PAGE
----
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FIFA impressed with South Africa's efforts to grow women's football

Banyana Banyana players during ta training session in June. Photo: Sydney Mahlangu/BackapagePix

Banyana Banyana players during ta training session in June. Photo: Sydney Mahlangu/BackapagePix

Published Sep 6, 2021


CAPE TOWN - A FIFA delegation, including Secretary-General Fatma Samoura and Chief Women’s Football Officer Sarai Bareman, kicked off an itinerary of meetings in South and Eastern Africa on Sunday to highlight FIFA’s commitment to developing the female game throughout the continent.

At a visit to the South African Football Association (SAFA) headquarters located at the iconic Soccer City, the delegation met by SAFA President Danny Jordaan and attended a Constitutional Workshop for Gauteng, Limpopo, North West & Mpumalanga provinces.

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In her address to participants, Fatma Samoura highlighted the necessity to put the group’s talks on empowering women into action by using their voices to help FIFA and CAF raise African women’s football to the highest levels.

The delegation then met with staff from the FIFA Regional Development office, before SAFA’s Chief Operating Officer and former FIFA Women’s Leadership Programme alumni Lydia Monyepao, as well as Banyana Banyana Head Coach Desiree Ellis, presented the group with an overview of the current status of women’s football in South Africa.

The SAFA representatives briefed the delegation on how they have successfully linked women’s football to education, with 85 per cent of the national team holding at least one university degree. They also underlined how encouraging their female youth and senior teams to enrol and stay in education has made them more resilient, team-spirited and better able to cope with the pressures of playing for the national team in particular.

Speaking about SAFA’s approach to women’s football FIFA Secretary General Fatma Samoura said: “It is heartening to hear the commitment and hard work you have put into nurturing and developing women’s football and your girls. Education and football play a tandem role in advancing women’s confidence and empowerment.

“There are tremendous strides that we can make together through football to tackle the gender-based violence your country experiences, as well as promoting greater self-esteem among girls and women. FIFA will work hand in hand with you to make this a reality.”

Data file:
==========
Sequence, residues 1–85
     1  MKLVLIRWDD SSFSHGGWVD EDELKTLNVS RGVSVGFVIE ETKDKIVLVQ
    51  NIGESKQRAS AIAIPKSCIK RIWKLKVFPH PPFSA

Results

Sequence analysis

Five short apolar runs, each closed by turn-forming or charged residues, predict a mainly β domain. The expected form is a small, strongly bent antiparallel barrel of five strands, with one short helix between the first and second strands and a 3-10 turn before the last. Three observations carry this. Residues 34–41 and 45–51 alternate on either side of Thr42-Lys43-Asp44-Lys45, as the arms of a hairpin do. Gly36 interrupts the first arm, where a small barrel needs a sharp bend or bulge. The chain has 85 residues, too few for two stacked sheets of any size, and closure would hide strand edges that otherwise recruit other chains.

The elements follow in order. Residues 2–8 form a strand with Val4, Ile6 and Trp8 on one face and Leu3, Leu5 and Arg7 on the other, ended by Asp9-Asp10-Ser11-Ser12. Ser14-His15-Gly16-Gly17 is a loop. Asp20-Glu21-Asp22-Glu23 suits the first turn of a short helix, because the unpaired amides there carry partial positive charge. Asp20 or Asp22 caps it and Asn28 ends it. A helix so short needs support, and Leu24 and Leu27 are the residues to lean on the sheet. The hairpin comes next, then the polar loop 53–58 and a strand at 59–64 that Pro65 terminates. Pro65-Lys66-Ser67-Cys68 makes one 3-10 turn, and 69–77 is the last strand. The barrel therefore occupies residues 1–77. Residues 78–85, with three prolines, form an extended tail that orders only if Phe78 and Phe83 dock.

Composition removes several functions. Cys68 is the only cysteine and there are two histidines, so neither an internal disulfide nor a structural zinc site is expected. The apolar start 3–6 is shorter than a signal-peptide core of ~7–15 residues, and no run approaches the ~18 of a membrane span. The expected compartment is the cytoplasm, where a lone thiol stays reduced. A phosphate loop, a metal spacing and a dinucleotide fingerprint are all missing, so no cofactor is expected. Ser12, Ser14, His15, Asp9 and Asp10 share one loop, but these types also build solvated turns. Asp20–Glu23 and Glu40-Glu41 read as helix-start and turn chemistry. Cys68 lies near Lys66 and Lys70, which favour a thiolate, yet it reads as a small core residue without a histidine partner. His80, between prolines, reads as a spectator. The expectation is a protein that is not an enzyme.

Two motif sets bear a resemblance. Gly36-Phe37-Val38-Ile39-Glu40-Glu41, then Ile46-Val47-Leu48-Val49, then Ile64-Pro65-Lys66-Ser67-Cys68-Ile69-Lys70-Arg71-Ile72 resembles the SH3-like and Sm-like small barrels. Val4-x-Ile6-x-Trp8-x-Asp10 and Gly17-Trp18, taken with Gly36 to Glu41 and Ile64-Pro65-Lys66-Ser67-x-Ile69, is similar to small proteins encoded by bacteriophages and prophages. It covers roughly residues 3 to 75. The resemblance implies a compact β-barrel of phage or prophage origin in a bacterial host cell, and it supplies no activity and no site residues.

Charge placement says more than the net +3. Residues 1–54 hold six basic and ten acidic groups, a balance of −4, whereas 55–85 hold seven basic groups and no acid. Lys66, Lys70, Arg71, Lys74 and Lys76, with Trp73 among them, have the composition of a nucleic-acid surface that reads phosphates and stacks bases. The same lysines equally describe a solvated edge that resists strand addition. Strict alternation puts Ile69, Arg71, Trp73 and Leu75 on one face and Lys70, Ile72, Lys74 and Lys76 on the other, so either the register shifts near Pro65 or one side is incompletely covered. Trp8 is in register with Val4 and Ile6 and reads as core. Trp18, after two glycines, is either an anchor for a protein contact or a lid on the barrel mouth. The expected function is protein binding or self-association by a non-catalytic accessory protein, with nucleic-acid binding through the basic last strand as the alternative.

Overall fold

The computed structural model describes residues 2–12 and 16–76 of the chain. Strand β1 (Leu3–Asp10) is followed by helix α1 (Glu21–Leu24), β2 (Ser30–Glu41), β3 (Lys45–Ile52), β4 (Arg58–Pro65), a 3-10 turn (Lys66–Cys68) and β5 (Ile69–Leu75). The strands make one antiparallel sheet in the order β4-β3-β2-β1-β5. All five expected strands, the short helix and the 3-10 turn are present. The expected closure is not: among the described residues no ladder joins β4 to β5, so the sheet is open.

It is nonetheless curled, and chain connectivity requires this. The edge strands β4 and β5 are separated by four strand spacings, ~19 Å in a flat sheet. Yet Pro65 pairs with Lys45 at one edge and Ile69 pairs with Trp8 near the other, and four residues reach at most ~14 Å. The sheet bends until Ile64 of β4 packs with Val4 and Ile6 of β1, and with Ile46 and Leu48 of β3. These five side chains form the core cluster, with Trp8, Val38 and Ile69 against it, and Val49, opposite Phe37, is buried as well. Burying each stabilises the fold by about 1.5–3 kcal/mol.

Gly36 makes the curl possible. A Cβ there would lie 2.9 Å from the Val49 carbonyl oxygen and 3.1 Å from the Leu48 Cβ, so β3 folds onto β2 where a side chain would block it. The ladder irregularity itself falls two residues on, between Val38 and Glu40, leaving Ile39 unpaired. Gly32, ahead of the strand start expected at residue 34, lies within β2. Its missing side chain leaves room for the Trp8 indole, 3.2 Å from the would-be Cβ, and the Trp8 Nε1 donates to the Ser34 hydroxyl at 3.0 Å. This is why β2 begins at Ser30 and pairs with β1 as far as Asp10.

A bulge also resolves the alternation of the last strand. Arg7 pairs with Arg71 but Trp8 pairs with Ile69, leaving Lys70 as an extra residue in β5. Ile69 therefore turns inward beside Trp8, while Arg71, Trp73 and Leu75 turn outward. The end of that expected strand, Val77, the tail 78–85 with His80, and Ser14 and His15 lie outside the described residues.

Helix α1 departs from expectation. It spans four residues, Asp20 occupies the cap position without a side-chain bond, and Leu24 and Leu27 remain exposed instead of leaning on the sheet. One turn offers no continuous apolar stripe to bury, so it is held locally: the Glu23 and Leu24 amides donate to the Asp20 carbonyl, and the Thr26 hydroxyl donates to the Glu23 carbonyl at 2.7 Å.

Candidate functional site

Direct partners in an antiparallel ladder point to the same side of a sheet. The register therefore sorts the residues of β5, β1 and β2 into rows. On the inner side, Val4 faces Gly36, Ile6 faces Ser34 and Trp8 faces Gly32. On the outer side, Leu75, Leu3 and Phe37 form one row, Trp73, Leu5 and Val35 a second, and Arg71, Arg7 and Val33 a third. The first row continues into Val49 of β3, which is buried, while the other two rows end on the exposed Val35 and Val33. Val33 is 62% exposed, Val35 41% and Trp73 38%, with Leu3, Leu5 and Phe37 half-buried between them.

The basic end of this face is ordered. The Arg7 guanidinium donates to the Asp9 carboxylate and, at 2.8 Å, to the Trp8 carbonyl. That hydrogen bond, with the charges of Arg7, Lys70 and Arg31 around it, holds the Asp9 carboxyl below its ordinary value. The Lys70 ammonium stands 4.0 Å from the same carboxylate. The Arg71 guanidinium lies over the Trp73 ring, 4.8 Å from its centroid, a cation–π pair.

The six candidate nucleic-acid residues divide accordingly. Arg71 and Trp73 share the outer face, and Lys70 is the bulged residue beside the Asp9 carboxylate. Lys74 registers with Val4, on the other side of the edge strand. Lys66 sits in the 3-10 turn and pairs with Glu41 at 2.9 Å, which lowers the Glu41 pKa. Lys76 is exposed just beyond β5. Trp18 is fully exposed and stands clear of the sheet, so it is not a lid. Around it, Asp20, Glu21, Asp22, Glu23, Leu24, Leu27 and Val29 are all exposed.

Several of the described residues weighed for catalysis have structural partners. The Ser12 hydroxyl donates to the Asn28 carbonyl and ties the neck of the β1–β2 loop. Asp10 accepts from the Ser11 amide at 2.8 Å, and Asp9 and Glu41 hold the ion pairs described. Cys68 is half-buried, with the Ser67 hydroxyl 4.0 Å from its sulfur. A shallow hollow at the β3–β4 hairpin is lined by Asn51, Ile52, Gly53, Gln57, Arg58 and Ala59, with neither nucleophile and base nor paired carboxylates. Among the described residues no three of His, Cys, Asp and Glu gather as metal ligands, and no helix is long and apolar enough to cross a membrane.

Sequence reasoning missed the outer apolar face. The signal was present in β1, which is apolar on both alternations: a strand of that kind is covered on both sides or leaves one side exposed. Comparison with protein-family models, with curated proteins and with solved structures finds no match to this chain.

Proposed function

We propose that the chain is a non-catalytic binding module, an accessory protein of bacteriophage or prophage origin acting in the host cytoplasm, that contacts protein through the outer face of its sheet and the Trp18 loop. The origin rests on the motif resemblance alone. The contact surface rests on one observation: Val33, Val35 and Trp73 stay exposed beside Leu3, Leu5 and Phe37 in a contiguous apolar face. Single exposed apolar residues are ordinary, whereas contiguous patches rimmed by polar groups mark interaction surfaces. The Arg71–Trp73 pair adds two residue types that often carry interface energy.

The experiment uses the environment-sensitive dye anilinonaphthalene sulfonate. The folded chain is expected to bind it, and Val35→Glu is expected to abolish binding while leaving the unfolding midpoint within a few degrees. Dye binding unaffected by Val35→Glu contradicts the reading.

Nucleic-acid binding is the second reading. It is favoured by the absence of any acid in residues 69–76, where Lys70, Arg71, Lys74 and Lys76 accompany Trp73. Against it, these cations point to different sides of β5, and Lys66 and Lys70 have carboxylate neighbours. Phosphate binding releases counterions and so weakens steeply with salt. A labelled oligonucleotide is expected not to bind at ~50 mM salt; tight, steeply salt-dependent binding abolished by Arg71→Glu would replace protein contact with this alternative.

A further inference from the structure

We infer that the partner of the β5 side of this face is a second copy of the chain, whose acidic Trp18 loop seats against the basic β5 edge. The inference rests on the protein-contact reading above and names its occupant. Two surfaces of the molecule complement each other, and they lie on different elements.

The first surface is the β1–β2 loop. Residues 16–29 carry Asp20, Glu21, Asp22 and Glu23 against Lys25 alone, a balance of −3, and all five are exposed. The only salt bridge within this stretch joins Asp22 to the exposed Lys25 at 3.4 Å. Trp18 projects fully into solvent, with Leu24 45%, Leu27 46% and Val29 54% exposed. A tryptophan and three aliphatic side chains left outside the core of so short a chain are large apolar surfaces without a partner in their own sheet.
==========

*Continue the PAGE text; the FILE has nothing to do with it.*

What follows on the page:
Talks also focused on the readiness of the national team for its potential qualification for the FIFA Women’s World Cup Australia and New Zealand 2023 ™.

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FIFA Chief Women’s Football Officer Sarai Bareman said on the subject: “As the FIFA Women’s World Cup has expanded to 32 teams for its ninth edition in 2023, we want to make sure that we not only see South Africa build on their experience at the FIFA Women’s World Cup in 2019, but other African national teams qualify to reach the ultimate global competition for women’s football.

"We will work with SAFA to draw on their experiences and use this knowledge to support and nourish other women’s national teams throughout the continent to make this happen.”

Following the visit to SAFA House, the President of CAF, Dr Patrice Motsepe, held discussions with the FIFA delegation. He asked what kind of collaborative strategies could be put into place between CAF and FIFA to prepare more African women’s national teams to qualify for the FIFA Women’s World Cup.

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"Fatma Samoura emphasised the importance of more tournaments for women throughout the continent, like the CAF Women’s Champions League, to provide players with more competitive experience.

On Saturday, the delegation first attended the finals of the Under-15 Girls Schools Tournament. It is a legacy project of the CAF Women’s Champions League COSAFA Qualifiers, at King Zwelithini Stadium, Durban.

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Related Topics:

International soccer